Monday, August 29, 2011

A Rock in the Grass

"the stone that the builders rejected has become the cornerstone, a stumbling- stone and a rock to trip over." (1 Peter 2:7-8)

This is an image from the Bible that asks questions about the way we construct our lives. It refers to a stone collected for a building project, but unused. Peter tells of this rejected stone lying on one side, where it caused problems. The builders would trip over it - a rock lying in the grass.

This image appeals to me. The stone is still useful, but now in a subversive way. It reminds the builders of what might have been. It is the stone they curse when they stub their toe - yet at the same time this gives them a moment to pause and reflect. The stone trips up the busy builder as he scurries around the building site doing his important stuff. This then allows a halt to the relentless progress of the day. The stone refuses to go away, and so becomes the constant reminder of other building possibilities.

This is an uncomfortable analogy. It speaks of the interruptions that trip us up as we try to get on with our day: a child demanding attention; a spouse asking for help; a neighbour calling loudly; or a poor person intruding into our space. This is the irritating question asked by a preacher; the uncomfortable feeling when a piece of writing gets under our skin; the disquiet caused by an uneasy conscience. This is the Spirit of God acting like a rock in the grass.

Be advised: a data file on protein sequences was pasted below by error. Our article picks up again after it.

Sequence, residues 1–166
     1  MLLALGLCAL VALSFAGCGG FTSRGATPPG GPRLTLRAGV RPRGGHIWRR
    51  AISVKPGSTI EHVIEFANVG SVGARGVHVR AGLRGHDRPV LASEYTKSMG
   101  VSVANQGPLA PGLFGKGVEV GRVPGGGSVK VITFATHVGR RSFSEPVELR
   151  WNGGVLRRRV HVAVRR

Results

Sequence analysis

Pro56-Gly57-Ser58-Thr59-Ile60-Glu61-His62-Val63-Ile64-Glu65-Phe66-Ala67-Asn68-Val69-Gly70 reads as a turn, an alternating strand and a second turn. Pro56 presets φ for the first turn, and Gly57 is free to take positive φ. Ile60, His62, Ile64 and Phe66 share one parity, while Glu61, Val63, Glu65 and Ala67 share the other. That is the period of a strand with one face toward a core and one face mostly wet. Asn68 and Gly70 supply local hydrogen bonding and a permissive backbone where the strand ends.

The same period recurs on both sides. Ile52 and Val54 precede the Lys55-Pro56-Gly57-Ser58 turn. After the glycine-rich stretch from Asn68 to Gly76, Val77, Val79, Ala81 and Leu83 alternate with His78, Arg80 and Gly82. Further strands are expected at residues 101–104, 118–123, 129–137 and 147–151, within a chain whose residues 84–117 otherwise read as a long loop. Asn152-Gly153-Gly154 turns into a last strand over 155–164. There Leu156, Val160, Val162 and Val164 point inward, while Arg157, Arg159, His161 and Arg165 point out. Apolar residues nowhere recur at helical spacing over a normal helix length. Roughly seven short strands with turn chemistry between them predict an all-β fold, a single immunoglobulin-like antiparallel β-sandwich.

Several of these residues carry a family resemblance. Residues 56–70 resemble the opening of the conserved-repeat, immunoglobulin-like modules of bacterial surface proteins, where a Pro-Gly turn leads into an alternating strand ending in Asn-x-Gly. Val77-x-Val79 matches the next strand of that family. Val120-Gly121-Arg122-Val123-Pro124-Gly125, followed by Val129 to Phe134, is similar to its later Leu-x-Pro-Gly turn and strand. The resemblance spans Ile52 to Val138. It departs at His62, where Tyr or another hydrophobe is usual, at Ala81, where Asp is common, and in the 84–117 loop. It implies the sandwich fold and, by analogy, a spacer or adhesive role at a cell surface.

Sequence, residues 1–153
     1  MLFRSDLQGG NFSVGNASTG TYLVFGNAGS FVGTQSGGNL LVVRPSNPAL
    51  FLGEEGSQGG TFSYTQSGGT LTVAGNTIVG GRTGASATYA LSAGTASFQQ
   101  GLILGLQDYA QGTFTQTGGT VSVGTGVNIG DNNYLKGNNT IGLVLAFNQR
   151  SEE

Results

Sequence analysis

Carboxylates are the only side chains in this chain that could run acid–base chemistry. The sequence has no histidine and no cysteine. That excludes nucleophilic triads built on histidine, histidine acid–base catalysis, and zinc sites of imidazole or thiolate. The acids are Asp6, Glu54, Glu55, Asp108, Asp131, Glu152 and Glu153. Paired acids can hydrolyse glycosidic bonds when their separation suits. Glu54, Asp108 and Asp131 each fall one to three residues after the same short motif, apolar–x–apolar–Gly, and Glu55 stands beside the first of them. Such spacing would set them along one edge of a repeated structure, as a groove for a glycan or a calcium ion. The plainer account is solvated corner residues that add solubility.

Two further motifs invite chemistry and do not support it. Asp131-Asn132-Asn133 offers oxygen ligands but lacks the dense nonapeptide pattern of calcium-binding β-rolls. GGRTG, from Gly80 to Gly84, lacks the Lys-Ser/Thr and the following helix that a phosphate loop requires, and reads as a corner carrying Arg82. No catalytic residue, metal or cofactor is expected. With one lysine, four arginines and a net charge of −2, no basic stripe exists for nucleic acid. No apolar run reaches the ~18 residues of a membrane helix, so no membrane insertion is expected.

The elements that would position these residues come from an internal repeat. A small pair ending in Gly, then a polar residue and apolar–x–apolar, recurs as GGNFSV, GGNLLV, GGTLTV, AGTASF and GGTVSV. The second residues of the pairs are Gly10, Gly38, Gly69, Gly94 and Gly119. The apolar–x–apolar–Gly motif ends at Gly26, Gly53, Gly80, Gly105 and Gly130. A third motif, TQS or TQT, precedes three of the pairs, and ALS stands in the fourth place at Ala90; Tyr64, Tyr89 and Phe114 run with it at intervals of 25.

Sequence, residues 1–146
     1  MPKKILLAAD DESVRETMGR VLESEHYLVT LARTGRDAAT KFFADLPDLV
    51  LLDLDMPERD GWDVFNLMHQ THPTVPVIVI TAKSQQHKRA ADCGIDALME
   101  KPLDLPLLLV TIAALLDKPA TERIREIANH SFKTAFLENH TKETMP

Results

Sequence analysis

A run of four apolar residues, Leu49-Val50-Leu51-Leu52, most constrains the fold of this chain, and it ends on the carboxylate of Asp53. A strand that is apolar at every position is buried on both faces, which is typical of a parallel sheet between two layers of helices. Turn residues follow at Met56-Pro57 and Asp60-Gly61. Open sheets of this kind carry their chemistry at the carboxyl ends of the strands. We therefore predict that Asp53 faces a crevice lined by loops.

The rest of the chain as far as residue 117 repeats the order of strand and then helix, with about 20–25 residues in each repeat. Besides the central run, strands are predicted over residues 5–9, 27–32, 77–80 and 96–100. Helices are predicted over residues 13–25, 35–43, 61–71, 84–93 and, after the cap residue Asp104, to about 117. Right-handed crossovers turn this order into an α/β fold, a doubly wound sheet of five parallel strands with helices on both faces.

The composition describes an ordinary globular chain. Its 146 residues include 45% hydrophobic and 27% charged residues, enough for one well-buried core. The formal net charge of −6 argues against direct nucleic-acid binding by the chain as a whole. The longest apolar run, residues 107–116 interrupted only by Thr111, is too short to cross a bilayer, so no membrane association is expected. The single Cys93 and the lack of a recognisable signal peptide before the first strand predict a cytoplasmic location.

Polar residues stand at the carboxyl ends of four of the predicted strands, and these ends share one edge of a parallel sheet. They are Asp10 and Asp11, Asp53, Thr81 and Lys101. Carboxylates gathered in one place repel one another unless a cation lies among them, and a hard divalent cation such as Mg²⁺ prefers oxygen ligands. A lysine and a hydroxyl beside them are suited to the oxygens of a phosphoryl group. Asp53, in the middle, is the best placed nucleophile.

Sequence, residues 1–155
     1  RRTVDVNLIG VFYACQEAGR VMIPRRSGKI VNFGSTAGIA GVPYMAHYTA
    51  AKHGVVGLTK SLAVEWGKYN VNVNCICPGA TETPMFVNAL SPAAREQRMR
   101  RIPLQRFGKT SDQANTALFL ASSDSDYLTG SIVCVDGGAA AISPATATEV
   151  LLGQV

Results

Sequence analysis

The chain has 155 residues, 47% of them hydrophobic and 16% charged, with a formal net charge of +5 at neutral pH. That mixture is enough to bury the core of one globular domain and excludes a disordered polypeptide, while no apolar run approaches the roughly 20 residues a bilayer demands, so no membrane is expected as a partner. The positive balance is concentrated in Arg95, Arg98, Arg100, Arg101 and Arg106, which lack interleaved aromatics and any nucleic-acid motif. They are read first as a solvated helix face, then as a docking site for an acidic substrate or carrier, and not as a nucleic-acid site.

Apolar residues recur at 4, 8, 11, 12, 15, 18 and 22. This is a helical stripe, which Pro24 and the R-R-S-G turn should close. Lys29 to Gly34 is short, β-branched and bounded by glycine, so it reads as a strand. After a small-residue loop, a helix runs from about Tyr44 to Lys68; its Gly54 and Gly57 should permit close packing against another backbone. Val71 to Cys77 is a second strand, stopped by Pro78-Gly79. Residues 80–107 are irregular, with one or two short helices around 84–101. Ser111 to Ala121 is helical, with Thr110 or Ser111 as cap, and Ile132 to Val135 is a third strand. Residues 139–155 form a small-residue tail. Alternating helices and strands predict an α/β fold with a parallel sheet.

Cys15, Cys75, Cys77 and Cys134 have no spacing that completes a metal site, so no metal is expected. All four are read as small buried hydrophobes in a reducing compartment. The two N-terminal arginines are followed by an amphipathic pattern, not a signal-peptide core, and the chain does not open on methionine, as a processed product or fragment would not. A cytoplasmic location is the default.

We can ignore it and continue with our important, busy lives. Or we can consider the stone, and allow this interruption to our activity become a turning point, that moment to watch how the Master Builder takes it for the cornerstone - the load-bearing stone that gives shape to the rest of the construction. The rejected stone becomes the stone that gives direction to all the other pretty stones we use to build our lives.

Over the years of my living I have been challenged by this thought from the letter of Peter: to pay attention to the obstacles in my day’s progress. Perhaps they are that concealed rock that ought to become part of my life’s construction. I also aspire to challenge those who live comfortable, uncaring lives – to become a “rock in the grass” to those who live without a moral compass to guide their thoughts and actions.

Pray for the wisdom to discover that important building blocks to our living can lie hidden in the long grass, waiting to trip us up. Pray too for the courage to become that stone that trips people up when they try to construct their lives without giving thought to their ethical and moral responsibilities 

1 comment:

Barbara Shallue said...

Wonderful reminder to pause and consider those rocks that trip us up. Thanks!